Why Economic Exposure Matters

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Summary

Investors with global portfolios need to know where the companies they invest in are domiciled.

It is equally important, however, for them to know where those companies earn their revenue.

Data from MSCI shows that the geographic distribution of companies’ revenues can have a significant impact on their stock prices.

That’s true particularly following events such as Brexit that impact financial markets and trade.

By Dimitris Melas, Global Head of Equity Research, MSCI

Investors with global portfolios need to know where the companies they invest in are domiciled. It is equally important, however, for them to know where those companies earn their revenue. Data from MSCI shows that the geographic distribution of companies' revenues can have a significant impact on their stock prices. That's true particularly following events such as Brexit that impact financial markets and trade.

A comparison of revenue by region for two British companies in the consumer discretionary sector illustrates the phenomenon. As the chart below shows, shares of Burberry, which earned roughly 10% of its revenues from the U.K. in the fiscal year ended March 31, gained more than 16% in the 22 days that followed the vote by the U.K. to leave the European Union. Shares of Barratt Developments, a U.K.-based homebuilder that derived all of its revenue domestically in the latest fiscal year, fell almost 30% over the same period. (The shares tumbled 40% in Brexit's immediate aftermath.)

A tale of two revenue streams (as of July 15)

Click to enlarge

Source: MSCI Research

Of course, the sensitivity of share prices within a sector to ups and downs in the economy matters, too. Those movements explained nearly half the performance of cyclical sectors such as industrials, consumer discretionary and information technology in the two weeks of trading that followed Brexit, relative to defensive sectors such as utilities and consumer staples.

Still, investors who aimed to understand the performance of equities in the aftermath of Brexit but who overlooked revenue exposure (which we refer to alternatively as economic exposure) would have missed more than a quarter of the reason why their shares moved as they did. Together, economic sensitivity and revenue exposure illuminated almost three-quarters of sector performance post-Brexit.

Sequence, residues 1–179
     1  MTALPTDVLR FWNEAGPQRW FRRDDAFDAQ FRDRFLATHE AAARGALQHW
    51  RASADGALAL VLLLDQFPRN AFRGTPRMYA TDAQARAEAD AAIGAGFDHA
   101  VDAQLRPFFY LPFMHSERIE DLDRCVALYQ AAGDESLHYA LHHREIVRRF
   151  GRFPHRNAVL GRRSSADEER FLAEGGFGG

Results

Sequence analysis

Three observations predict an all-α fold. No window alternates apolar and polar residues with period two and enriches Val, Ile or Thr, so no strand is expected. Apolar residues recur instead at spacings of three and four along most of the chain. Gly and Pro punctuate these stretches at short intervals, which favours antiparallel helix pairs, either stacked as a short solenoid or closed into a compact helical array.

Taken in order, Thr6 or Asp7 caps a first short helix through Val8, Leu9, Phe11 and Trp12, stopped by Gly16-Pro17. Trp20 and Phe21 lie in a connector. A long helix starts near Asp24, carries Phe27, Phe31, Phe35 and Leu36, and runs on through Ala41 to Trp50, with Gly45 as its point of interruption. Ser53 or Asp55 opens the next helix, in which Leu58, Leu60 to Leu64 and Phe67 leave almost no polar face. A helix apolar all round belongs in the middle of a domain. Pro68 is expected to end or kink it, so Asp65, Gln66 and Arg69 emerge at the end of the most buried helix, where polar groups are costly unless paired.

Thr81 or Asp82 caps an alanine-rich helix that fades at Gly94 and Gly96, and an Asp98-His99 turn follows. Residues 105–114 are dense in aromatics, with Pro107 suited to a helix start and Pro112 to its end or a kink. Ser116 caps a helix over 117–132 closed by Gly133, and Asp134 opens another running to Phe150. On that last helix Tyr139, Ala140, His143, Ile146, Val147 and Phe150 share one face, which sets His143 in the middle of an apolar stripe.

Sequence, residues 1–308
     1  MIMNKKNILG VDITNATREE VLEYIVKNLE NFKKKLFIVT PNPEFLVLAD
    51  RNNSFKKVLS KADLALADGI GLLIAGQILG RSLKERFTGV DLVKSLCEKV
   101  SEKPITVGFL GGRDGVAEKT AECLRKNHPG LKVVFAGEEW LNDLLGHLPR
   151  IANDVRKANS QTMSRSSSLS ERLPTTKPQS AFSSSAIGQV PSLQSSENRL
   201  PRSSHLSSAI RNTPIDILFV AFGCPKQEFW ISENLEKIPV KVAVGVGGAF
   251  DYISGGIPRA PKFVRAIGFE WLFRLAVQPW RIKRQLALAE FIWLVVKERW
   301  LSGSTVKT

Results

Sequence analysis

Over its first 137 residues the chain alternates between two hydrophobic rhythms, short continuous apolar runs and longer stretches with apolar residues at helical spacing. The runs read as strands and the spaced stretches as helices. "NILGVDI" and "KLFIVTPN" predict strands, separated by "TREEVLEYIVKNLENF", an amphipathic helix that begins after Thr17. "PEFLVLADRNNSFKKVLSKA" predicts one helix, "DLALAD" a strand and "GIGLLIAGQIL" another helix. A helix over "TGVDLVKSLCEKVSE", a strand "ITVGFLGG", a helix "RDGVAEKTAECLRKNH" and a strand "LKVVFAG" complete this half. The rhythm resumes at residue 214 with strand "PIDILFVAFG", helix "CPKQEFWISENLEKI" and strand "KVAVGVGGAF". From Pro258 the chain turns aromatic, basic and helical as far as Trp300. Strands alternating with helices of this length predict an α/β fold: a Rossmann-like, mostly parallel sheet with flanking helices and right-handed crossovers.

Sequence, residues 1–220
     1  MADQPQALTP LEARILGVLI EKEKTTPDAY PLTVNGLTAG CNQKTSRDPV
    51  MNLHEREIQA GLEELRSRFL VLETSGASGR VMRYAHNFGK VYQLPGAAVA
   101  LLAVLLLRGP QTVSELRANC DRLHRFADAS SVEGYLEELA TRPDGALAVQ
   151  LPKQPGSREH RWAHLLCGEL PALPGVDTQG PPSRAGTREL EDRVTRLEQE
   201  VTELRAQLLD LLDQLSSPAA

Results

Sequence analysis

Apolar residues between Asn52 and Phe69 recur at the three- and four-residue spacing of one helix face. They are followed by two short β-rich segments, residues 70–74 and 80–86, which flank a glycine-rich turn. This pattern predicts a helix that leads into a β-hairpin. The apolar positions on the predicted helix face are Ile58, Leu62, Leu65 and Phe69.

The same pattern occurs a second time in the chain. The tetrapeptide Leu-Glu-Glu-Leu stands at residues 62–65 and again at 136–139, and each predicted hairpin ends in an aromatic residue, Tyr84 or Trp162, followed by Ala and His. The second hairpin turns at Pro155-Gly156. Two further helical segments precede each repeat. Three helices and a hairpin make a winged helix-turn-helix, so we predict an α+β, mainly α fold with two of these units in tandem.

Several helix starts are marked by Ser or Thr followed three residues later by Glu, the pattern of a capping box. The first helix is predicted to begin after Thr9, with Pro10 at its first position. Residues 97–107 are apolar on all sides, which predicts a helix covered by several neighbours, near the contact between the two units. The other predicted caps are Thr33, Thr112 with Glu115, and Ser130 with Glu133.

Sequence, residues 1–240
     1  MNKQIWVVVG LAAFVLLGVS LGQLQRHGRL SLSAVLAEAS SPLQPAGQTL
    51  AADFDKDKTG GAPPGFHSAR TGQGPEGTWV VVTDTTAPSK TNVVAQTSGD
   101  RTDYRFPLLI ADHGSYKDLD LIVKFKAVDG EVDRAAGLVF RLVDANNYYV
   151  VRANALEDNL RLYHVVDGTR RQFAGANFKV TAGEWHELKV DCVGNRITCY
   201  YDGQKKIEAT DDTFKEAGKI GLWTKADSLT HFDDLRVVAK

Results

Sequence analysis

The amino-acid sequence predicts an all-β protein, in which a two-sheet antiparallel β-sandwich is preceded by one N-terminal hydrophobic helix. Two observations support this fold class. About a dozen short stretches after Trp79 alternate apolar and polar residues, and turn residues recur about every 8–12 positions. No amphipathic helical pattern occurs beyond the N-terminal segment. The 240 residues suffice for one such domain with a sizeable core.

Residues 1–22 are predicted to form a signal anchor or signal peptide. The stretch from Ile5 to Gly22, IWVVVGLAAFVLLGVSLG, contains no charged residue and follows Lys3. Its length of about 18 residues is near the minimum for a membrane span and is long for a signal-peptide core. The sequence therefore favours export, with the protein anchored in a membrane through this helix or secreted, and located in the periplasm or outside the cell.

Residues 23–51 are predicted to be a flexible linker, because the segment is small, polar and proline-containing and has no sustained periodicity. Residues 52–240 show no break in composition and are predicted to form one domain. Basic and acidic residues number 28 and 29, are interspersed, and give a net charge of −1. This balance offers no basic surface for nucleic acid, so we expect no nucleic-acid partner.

U.K. economic exposure by sector

Source: MSCI Research

Two factors explained three-quarters of post-Brexit performance

Click to enlarge

Source: MSCI Research

To take the analysis a step further, we estimate that each 10% of revenue above 30% of total revenue that a sector earned domestically (that is, within the U.K.) penalized the value of stocks in that sector by 2.5%. Conversely, each 10% of revenue above 70% of total revenue that a sector earned outside the U.K. rewarded the value of stocks in that sector by 2.5%.

The impact of revenue exposure on stock prices extends beyond the borders of Britain. Though Brexit reverberated primarily in the U.K., the shock also showed in the performance of equities in Europe and around the world (below table).

POST-BREXIT PERFORMANCE OF GLOBAL STOCKS IN IN THE U.K. AND BEYOND

Source: MSCI Research

Mapping the revenue of sectors worldwide based on exposure to Europe shows that those sectors with the greatest exposure to the Continent tended to underperform globally in the aftermath of the vote. As the performance of markets in the backwash of Brexit suggests, the ability of investors to analyze the geographic distribution of revenue in their portfolios may improve the process for constructing portfolios and measuring performance.

Further reading:

Economic Exposure in Global Investing

Why Economic Exposure Matters

Disclosure: I/we have no positions in any stocks mentioned, and no plans to initiate any positions within the next 72 hours.

I wrote this article myself, and it expresses my own opinions. I am not receiving compensation for it. I have no business relationship with any company whose stock is mentioned in this article.